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Sunday, August 12, 2012

Sporting performance, then and now

I’m joining this discussion too late, but in light of the gold medal game, there has been some discussion Kobe’s boast that this years U.S. Olympic basketball team would have been able to beat the 1992 Dream Team. Most commentators find the claim ludicrous, and I must admit that, overall, even I am still pretty skeptical of it.

But I want to make the point that it is not as ludicrous as it might first seem. To be sure, the Dream Team had 11 hall of famers, and it featured some of the legendary players of basketball. But how much do legends count with the progress of time?

Unfortunately, basketball doesn’t have absolute metrics by which we can measure competition across time. So I chose swimming instead, where we do have an absolute metric in the finishing time. In particular, I chose the men’s 4x100m medley relay, on the theory that it is a team event with each member serving a slightly different role. So how does the 2012 U.S. medley relay team compare to the 1992 U.S. medley relay team?

Well, the 1992 U.S. medley relay team won the gold medal and set a world record in a time of 3:36.93. It is fair to say that they were the dominant team of the time, though not quite at Dream Team levels. But the 2012 U.S. medley relay team easily beat them, with a time 3:29.35. The progression of two decades means that the absolute tip top of 1992—the world record of the time—falls far behind the gold medal performance today.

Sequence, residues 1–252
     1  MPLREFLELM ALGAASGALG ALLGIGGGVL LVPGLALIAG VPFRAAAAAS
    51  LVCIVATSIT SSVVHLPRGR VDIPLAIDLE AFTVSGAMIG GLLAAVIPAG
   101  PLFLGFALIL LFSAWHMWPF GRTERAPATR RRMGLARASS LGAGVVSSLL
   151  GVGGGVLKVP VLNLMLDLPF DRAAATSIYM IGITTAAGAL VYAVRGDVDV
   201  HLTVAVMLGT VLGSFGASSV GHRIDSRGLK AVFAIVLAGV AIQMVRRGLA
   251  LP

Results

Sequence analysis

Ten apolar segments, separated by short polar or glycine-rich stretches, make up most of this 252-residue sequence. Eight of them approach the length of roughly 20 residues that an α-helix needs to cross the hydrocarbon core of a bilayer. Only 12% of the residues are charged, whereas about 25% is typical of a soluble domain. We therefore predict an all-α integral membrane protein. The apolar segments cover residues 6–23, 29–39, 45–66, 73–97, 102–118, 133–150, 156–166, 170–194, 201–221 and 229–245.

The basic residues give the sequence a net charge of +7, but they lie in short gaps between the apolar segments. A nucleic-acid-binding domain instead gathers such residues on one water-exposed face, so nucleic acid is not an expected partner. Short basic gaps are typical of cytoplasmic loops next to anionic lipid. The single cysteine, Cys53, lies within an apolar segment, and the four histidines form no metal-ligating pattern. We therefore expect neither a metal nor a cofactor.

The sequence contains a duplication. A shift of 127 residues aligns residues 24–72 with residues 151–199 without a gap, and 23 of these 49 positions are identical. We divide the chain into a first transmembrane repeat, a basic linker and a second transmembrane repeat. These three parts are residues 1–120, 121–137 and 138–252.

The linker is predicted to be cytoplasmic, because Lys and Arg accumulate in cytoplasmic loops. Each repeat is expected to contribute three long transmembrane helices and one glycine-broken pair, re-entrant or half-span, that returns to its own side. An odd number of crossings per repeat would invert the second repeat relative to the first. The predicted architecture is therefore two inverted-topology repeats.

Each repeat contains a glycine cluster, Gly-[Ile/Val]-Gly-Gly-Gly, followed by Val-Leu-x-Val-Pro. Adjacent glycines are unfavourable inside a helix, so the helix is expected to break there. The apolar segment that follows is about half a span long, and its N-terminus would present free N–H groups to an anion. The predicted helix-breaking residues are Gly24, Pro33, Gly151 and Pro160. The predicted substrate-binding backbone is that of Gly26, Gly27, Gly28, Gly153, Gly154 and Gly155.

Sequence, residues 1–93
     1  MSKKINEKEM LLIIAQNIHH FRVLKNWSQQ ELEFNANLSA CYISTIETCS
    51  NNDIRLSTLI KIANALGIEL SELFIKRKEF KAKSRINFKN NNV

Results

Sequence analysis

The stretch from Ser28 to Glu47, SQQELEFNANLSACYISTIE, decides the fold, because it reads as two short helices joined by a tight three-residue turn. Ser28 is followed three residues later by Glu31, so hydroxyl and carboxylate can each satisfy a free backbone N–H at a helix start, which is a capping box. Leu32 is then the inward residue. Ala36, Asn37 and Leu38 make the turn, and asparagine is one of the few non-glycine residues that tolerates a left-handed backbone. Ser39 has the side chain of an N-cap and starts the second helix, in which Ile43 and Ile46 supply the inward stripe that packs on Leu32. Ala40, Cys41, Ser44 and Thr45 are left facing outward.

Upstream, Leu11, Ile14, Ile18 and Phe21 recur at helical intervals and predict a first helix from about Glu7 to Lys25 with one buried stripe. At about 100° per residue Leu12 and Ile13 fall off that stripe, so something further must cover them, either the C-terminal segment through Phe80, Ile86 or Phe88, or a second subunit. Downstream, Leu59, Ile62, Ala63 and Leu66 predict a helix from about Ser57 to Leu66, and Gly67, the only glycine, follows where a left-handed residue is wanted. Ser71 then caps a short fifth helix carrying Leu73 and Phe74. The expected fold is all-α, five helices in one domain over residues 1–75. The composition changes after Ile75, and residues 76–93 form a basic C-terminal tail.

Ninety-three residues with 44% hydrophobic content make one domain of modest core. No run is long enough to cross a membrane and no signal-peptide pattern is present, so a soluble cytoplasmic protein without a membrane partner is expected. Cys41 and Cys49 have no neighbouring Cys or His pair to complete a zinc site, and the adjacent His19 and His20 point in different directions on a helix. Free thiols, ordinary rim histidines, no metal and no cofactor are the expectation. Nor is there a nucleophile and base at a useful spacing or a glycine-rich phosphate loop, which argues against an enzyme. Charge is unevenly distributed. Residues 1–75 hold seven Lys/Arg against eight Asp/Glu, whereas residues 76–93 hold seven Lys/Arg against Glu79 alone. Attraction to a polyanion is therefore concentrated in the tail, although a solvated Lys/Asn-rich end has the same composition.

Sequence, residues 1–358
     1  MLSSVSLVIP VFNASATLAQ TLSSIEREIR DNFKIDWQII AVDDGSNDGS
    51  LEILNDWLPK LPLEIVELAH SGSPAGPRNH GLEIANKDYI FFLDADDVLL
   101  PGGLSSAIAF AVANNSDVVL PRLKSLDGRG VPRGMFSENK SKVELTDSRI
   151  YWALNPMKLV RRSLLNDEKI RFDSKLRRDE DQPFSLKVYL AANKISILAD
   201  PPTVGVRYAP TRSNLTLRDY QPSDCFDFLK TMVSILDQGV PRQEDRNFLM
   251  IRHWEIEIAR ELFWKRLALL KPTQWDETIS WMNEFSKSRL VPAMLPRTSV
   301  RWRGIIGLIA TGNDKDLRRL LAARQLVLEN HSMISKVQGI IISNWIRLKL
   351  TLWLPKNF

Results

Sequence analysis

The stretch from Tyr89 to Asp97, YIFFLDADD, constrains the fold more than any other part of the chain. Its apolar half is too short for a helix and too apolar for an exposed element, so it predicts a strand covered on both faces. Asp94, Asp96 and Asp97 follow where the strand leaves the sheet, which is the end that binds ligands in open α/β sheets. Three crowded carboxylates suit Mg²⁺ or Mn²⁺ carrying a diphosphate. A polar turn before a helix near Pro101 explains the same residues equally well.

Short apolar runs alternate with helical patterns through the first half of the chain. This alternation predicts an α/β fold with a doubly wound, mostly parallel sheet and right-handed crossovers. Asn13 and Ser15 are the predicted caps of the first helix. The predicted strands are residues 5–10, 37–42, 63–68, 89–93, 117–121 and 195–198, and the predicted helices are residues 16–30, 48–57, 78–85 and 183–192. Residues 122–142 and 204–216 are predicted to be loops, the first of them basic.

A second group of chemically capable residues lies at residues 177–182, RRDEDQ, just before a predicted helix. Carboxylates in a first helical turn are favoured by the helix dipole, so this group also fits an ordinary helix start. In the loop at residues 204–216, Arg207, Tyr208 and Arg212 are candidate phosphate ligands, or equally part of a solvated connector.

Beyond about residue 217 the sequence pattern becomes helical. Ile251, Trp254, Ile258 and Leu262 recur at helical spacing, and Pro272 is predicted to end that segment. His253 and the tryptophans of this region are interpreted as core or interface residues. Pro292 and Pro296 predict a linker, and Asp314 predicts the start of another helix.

One might reply that the comparison is not quite fair, given that the 2012 U.S. medley relay team has its own legend in Michael Phelps. But, to give one an idea of how much two decades means, consider that the qualifying time in the medley relay this year was 3:34.46. The world-record setting, gold-medal winning 1992 U.S. medley relay team would not even have qualified for the 2012 relay final, let alone beaten the 2012 U.S. team. They would have lost to lowly Italy and barely beat Brazil. Viewed in this light, Kobe’s boast doesn’t seem nearly as ridiculous at it seemed at first blush.

Posted by Tun-Jen Chiang on August 12, 2012 at 03:05 PM | Permalink


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Posted by: online to-do list | Aug 13, 2012 12:45:31 AM

Innovation in basketball equipment began and ended with the Reebok Pump, in my esteemed opinion.

Posted by: andy | Aug 13, 2012 12:28:25 AM

Anon: Pro basketball is nowhere near as physical as it was 20 years ago, with rule changes to eliminate hand-checking on defense, hard fouls, etc.

Posted by: Howard Wasserman | Aug 12, 2012 4:44:16 PM

I know a bit about swimming, nothing about basketball. One thing though that occurs to me is that independent of advances in athletic ability, there have been lots of changes in swimming independent of athletic ability which have improved those times over the past 20 years. A few examples that occur to me are advances in swimsuit technology and rule changes (for example, the much discussed single dolphin kick in the breaststroke, which is now allowed). Knowing nothing about basketball, I would be curious to know if the same types of changes have occurred over the past 20 years in sneaker technology or rule changes that make the game more conducive to more points.

Posted by: anon | Aug 12, 2012 3:42:37 PM

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